He vividly remembers drinking a Chappellet Chenin Blanc when he got a call from his father.  His future arrived on one snowy night when he had to shut down the restaurant due to bad weather.   His dad asked if he had an interest in running the 970-acre property, cultivate the land and grow the grapes.  The answer was a resounding yes and his dad disclosed that he would invest the money for him to plant the first ten acres of grapes.  The first grape planted was Chardonnay until his visionary dad saw the future and the future was a Bordeaux style wine.

The time that David had to taste wine after working the vineyard was 4 a.m. and during that process, he opened a bottle of Sangiovese that was sent by his importer, Louis Langdon, formerly of Langdon Shiverick Imports.  He describes it as being rustic with an amazing finish.  At 6 a.m., he had to go to work and poured the Sangiovese in his existing test Bordeaux blend.  Magic was made and he began looking for a name that described the French and Italian blend.  Originally named red table wine, he promised his brother 24 hours for a new name and Meritaggio Red Blend was born.

Our food and wine line up was as follows:


Course one – Steamed wild Hawaiian caught manchong with king crab, matsutake farro risotto, preserved lemon, brown butter, lemon, red ribbon sorrel with the 2013 David Arthur Vineyards Chardonnay.

Course two – Smoke salt seared quail with golden raisin, foie gras, sweet potato and red curry cream sauce with the 2013 David Arthur Vineyards Meritaggio Red Wine Blend.

Course three – Slow cooked beef tenderloin with olive oil, roasted cauliflower, porcini, bacon, sage, short rib ragout, anson mills polenta, veal reduction and 2013 David Arthur Vineyards Elevation 1147 Cabernet Sauvignon.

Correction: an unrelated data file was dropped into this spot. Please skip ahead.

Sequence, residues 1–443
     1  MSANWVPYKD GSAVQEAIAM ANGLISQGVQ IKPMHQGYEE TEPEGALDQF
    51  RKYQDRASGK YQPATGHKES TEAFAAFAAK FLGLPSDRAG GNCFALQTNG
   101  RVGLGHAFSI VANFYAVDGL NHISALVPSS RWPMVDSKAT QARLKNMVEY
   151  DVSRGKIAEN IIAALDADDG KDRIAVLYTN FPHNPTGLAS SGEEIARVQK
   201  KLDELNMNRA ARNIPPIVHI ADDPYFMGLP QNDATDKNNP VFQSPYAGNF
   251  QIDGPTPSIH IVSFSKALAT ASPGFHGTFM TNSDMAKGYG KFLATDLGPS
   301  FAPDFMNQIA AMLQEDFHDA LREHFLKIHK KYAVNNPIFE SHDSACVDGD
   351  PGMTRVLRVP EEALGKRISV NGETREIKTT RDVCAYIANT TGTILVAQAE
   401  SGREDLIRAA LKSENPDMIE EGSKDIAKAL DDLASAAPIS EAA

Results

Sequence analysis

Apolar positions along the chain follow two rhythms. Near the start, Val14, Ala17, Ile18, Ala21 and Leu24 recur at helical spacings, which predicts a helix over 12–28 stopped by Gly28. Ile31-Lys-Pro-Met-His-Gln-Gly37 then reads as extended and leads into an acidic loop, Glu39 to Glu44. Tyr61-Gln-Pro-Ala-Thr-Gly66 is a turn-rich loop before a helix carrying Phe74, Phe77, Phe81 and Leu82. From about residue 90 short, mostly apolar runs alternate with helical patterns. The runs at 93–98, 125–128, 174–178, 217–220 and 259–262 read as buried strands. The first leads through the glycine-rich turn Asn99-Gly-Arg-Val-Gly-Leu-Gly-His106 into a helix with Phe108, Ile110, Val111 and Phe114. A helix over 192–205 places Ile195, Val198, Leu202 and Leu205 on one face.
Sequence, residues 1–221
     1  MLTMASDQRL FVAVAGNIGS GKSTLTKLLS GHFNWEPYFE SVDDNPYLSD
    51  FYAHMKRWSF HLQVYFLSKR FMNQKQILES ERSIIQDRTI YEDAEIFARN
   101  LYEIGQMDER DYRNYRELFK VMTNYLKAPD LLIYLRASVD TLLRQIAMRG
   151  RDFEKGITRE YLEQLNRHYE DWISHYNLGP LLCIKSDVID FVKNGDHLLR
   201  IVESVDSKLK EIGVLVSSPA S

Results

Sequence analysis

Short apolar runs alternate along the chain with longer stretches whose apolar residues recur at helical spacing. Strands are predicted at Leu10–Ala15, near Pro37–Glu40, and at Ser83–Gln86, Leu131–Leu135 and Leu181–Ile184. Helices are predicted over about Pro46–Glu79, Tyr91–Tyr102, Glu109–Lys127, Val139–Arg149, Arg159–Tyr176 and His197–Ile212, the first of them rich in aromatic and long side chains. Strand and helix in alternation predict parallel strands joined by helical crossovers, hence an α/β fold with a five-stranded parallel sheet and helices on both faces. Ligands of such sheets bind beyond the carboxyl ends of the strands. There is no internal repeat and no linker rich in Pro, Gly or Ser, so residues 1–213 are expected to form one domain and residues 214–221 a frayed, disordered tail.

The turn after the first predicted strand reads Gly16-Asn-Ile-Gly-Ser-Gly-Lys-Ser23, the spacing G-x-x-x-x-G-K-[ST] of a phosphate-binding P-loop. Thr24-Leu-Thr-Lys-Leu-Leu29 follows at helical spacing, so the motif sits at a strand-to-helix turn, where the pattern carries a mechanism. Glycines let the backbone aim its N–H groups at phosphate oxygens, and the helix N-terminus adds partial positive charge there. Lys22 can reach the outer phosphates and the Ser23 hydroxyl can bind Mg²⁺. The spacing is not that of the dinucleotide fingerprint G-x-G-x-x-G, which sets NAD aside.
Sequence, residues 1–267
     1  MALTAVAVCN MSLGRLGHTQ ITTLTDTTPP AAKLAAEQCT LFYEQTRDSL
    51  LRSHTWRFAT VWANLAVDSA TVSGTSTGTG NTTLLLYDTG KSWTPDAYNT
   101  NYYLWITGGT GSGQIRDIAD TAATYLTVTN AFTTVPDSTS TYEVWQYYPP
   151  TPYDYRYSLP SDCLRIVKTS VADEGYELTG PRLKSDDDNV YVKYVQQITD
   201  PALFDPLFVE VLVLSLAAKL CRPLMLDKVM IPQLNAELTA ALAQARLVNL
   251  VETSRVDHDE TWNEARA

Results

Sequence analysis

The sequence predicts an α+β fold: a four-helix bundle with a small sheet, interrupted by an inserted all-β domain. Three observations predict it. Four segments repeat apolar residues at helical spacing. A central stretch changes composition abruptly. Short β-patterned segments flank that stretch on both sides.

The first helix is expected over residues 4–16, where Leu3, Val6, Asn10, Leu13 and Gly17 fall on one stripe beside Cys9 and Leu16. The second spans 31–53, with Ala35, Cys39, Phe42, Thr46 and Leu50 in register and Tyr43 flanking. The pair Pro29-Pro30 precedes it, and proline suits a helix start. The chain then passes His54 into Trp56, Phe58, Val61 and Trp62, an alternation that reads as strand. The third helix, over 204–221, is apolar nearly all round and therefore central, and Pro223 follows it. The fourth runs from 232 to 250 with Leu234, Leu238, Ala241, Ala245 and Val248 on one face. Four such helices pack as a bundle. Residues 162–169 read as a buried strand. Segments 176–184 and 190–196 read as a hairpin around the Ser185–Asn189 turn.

Course four – A cheese course of Humboldt Fog Cypress goat cheese, Oregon Rouge smokey blue and Prairie Breeze with honey, marcona almonds, apple butter and grilled French bread with the 2013 David Arthur Vineyards “Three Acre” Cabernet Sauvignon.

To say David is larger than life is an understatement.  From his stories about experimenting with apple juice to make alcohol at age 14 to walking the aisles of Sunshine Foods to sell his chardonnay and then, once the sale was made, had his then wife immediately come through the front door looking for the bottles of wine that he just sold saying, “I can’t believe they are carrying these wines”.  David has a menagerie of stories (half of which I can’t repeat), life experiences, history and amazing wines.

I am so excited about Prichard Hill, the rich history and the families that I have met that have pioneered an area that is making some of the best wines in the Valley.


October Wine Round Up: Favorite Samples Over the Past Months

Today I’m going to talk about some of my favorite recent samples, which include wine and for the first time, spirits.  I tried 28 wines and 12 of them made the list along with one gin and one vodka.

Reds:

2013 Trivento Golden Reserve Malbec – this was a great expression of Malbec.  Lots of berry, plum, herbs, mocha and chocolate notes.  I brought this to a girl’s wine group and it disappeared quickly.

2013 Gloria Ferrer Pinot Noir – this had a nice earthiness and notes of black cherry, strawberry and a nice touch of herbs.

2014 Flora Springs Merlot – this was a well-balanced merlot with plum, chocolate, berry and a bit of cherry.

Locations by Dave Phinney E and F – Dave Phinney has always had a personal mission to make the best wines possible.  Now he is taking his concept that he can get great grapes from vineyards (taking out the appellation rules) across the world and use his winemaking skills to make great wines.  It works.  I tried several of his wines and was impressed with the result.  The E blend from Spain had lots of cherry, plum, berry and spice.  The F blend from France was delicious with Grenache (Roussillon), Syrah (Rhone) and Bordeaux Blend Varieties.